Native American Cancer Rates Remain Static
January 07, 2014
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National Cancer Institute
A map of age-adjusted death rates for Native Americans in New Mexico, 2006-2010.

New statistics released by the American Cancer Society show that nationally there's been a 20 percent decrease in risk of death from all cancers. For breast and colon cancer, that rate of decline is closer to 35 percent. However, in the Southwest, there's a slightly different picture.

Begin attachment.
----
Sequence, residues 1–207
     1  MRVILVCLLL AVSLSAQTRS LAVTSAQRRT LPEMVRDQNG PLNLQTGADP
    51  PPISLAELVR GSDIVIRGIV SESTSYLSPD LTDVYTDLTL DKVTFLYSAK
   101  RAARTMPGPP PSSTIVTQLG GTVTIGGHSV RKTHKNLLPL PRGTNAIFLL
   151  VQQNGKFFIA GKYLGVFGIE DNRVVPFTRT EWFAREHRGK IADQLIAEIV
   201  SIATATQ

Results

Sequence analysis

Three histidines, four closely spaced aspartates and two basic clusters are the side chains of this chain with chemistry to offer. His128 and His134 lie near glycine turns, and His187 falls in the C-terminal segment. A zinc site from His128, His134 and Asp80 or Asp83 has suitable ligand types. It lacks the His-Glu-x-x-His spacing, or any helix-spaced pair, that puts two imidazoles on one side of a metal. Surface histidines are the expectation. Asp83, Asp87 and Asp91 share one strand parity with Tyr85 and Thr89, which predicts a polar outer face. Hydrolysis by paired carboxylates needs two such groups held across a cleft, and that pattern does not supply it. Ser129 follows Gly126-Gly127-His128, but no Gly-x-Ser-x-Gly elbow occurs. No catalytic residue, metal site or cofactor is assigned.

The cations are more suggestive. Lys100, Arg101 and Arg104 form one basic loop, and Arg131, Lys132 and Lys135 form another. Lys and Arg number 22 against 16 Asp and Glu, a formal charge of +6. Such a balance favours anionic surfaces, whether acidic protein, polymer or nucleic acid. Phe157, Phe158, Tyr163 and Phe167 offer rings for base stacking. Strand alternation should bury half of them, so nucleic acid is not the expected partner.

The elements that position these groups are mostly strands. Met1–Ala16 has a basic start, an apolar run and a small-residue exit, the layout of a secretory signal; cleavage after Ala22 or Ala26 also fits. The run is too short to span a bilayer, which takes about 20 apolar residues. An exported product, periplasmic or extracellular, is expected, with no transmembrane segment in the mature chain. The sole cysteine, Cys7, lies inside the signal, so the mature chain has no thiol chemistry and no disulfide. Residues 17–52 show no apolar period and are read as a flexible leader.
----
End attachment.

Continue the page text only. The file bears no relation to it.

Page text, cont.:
"One thing that's unsettling is Native American death rates have basically remained static," says Otis Brawley, Chief Medical Officer for the American Cancer Society. "The combination of high-caloric intake, lack of physical activity, and obesity — those three factors — actually are the second leading cause of cancer in the United States, second only to tobacco usage, and that is a special problem in Native American population."

According to Brawley, the major Native American populations with cancer are currently located in New Mexico and Arizona. However, he adds that data is not available on other Native populations in other states.